Every power pop record comes complete with the big slow-dance anthem, and that’s “Let Me Go” – an arena ballad with sweeping falsetto vocals. I can see the Bic lighters and the swaying crowd already. My favorite is the irresistible “Vampires In Love”, which mixes clever but goofy lyrics with an absolute killer hook that you’ll be singing in your sleep.

Last year pop bands like Fastball and Semisonic got an opening and exploded onto the charts. It stands to reason that some programmer won’t need the Homer Simpson head-slap to realize that there’s an audience for energetic, exciting music. If this record isn’t a bonafide smash, bleeding out of radios four tracks deep, something is very, very wrong.

Fan website

Marvelous 3 wiki

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Under The Radar – The Supers

Supers

When The Supers dropped this pop puppy on the world almost a decade ago, it may not have made much of a splash on major radio but it exploded in the power pop community. Boasting hooks upon hooks, clean production, great vocals and that bombastic energy only powerpop can bring, it got a flurry of great reviews. I saw the band live at a pop fest in Raleigh and was wowed; like many I could not understand why these songs were not on the radio.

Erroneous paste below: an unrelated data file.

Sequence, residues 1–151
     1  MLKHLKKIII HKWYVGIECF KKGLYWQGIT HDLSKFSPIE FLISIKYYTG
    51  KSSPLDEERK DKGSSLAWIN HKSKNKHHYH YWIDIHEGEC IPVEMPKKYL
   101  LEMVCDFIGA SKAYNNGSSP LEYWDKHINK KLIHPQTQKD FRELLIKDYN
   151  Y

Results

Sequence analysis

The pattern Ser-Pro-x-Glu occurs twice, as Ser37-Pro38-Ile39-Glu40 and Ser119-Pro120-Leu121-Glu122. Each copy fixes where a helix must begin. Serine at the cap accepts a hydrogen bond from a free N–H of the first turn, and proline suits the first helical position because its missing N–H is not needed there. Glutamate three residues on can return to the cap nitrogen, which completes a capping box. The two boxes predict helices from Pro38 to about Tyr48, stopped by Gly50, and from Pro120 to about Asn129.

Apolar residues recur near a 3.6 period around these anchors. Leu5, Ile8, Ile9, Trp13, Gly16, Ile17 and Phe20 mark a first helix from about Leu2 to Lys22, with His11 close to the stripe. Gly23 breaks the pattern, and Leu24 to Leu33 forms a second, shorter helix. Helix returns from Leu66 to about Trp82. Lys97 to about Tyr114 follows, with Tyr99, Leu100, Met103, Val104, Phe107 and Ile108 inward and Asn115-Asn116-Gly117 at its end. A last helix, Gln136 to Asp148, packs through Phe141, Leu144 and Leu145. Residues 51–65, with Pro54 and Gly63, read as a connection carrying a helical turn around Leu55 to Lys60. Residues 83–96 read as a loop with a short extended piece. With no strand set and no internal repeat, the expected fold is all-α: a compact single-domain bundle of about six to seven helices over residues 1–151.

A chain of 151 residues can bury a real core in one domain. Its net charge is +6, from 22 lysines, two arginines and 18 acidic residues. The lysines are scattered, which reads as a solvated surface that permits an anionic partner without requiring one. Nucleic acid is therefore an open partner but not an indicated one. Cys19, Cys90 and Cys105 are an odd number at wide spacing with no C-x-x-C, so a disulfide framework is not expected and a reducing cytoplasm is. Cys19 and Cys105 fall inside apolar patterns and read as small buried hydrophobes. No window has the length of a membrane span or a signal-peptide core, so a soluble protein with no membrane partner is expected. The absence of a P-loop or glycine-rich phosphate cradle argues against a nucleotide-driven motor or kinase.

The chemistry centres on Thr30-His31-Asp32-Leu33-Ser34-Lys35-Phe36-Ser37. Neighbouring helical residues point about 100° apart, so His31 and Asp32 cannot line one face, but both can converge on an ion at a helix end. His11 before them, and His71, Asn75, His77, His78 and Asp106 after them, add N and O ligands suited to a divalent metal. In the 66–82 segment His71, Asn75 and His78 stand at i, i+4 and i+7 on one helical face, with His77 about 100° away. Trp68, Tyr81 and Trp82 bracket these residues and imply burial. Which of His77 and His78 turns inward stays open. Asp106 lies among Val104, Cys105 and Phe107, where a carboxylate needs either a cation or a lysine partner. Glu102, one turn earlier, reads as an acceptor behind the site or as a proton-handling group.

What, Doc? You don’t understand? Cue Dan Ackroyd

After a follow-up album titled Mystery on Pop Mountain (again, great artwork, this time spoofing The Hardy Boys) I didn’t hear much from them again as they moved on to other projects. I didn’t even realize that they released Re-Arrange in 2006! So it’s understandable if these guys have fallen under your radar. Check them out!

thesupers

This piece ran in PopMatters back in 2000…

Boasting a cartoon cover and an album title that the late Don Martin would be proud of, Toronto’s The Supers are every bit as energetic as their super-hero alter egos. With hooks galore and a couple of strong singer/songwriters in Maury Landry and Graham Powell, The Supers sound a lot like The Jags or even Fountains Of Wayne, albeit with much higher octane. And for that, large credit is due drummer Jeffrey MacPherson, who seemingly kicks every song in the ass just to make sure it doesn’t lag. (And Tim Bovaconti, you’re no slouch either — god forbid I mention three people in a four man band!)